On March 25, Governor Phil Murphy signed Bill S2304 into law, which expanded the New Jersey Earned Sick Leave Law (“ESLL”), the New Jersey Family Leave Act (“NJFLA”), and New Jersey’s Temporary Disability Benefits Law (“NJTDBL”) in order to provide more New Jersey workers with expanded access to paid leave benefits and unpaid family leave during this recent public health emergency.
“No one should have to decide between taking care of themselves or a sick family member and going to work during this pandemic,” said Governor Murphy. “With this new law, we are providing hardworking men and women with the protections that they deserve and ensuring a healthier place to live and work.”
Pursuant to S2304, the permanent amendments went into effect immediately upon signing, so all employers must be aware of the changes to ensure both understanding and compliance.
Expanded Earned Sick Leave under the ESLL
First, S2304 expands the ESLL. Previous to the passage of S2304, New Jersey employees eligible for earned sick leave could earn one (1) hour of paid sick leave for every thirty (30) hours worked—or forty (40) hours in a calendar year for most full-time employees—for only the following reasons:
- Employee’s Mental/Physical Illness: the employee’s diagnosis, care, treatment, or recovery for a mental or physical illness, injury, or health condition, including the employee’s preventive medical care;
- Family Member’s Mental/Physical Illness: The employee’s need to care for a family member during that family member’s diagnosis, care, treatment, or recovery for a mental or physical illness, injury, or health condition, or for the employee to care for a family member who needs preventive medical care;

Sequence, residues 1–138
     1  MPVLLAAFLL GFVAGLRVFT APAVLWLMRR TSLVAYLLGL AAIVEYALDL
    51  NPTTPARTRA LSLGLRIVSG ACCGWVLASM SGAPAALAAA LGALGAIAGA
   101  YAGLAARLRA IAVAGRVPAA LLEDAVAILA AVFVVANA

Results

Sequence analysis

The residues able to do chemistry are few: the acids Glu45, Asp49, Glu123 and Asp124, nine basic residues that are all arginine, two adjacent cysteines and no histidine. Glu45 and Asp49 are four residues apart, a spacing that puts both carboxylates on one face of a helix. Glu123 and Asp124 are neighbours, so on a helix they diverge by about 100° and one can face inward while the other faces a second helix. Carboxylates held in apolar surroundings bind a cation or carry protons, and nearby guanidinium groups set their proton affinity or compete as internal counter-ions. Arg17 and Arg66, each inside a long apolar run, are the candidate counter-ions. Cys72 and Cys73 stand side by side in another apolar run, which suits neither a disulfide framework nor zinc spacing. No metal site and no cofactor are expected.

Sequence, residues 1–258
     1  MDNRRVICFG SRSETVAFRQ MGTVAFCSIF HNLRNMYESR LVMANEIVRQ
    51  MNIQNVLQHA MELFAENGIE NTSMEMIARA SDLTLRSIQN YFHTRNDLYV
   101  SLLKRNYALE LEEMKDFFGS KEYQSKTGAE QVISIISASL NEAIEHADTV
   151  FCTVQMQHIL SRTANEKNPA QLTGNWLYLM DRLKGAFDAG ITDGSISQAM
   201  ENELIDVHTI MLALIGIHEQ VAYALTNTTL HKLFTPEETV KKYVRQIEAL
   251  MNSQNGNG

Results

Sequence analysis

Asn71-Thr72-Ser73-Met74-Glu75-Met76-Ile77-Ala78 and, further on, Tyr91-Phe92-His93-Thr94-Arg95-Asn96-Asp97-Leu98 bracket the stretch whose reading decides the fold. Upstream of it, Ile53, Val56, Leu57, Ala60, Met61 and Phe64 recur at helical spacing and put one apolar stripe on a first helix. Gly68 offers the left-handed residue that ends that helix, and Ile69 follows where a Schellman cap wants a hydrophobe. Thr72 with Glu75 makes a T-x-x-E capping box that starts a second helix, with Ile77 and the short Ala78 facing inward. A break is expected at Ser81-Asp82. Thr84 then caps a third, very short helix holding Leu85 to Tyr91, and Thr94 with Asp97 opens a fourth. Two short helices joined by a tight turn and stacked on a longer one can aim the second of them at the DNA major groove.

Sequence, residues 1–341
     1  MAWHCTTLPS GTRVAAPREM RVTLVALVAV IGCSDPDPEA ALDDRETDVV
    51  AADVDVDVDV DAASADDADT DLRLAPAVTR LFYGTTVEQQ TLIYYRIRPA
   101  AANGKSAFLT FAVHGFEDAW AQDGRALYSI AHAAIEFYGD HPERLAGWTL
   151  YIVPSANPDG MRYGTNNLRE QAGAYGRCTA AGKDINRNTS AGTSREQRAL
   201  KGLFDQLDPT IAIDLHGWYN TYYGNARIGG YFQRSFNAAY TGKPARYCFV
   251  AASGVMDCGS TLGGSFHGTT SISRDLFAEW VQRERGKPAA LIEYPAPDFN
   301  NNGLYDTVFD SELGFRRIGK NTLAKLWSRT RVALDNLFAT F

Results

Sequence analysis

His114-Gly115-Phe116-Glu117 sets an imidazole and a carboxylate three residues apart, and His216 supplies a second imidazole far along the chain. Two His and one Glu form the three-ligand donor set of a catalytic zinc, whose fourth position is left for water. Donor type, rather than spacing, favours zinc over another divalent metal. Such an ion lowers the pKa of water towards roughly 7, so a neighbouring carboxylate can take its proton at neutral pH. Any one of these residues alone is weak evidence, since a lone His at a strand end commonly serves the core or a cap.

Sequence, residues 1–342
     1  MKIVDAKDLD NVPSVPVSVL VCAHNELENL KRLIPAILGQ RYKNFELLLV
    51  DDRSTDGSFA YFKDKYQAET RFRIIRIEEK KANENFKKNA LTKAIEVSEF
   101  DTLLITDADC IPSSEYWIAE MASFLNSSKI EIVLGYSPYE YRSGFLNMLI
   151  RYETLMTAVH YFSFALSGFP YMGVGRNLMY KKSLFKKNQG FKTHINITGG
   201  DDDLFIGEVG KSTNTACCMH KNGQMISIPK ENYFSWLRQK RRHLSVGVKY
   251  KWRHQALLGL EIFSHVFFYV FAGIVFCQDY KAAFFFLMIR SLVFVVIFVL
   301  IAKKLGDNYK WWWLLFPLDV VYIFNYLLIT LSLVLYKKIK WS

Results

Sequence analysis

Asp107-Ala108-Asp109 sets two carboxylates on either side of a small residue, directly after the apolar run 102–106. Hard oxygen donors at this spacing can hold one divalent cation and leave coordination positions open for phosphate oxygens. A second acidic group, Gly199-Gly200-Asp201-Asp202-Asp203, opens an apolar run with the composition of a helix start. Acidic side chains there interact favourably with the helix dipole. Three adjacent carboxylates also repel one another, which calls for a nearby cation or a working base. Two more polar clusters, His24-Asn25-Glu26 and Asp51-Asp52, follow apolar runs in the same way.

- Victim of Domestic/Sexual Violence: If the employee or the employee’s family member have been the victim of domestic violence or sexual violence and need time for treatment, counseling, or to prepare for legal proceedings;
- School-Related Parental/Guardian Attendance: If the employee needs to attend school-related conferences, meetings, or events regarding their child’s education, or to attend a school-related meeting regarding their child’s health; or
- Public Health Emergency: Closure of the employee’s workplace due to a public health emergency, or the employee needs to care for a child whose school or child care provider closed due to a public health emergency.
The new law expands the ESLL to permit the use of earned sick time for the following reasons:
- Closure of the employee’s workplace, or the school or place of care of the employee’s child, because of the Governor’s declaration of a state of emergency;
- The Governor’s declaration of a state of emergency or the issuance by a health care provider or the Commissioner of Health or other public health authority, that the employee’s presence in community, or that of a member of the employee’s family in need of care by them, would jeopardize the health of others; or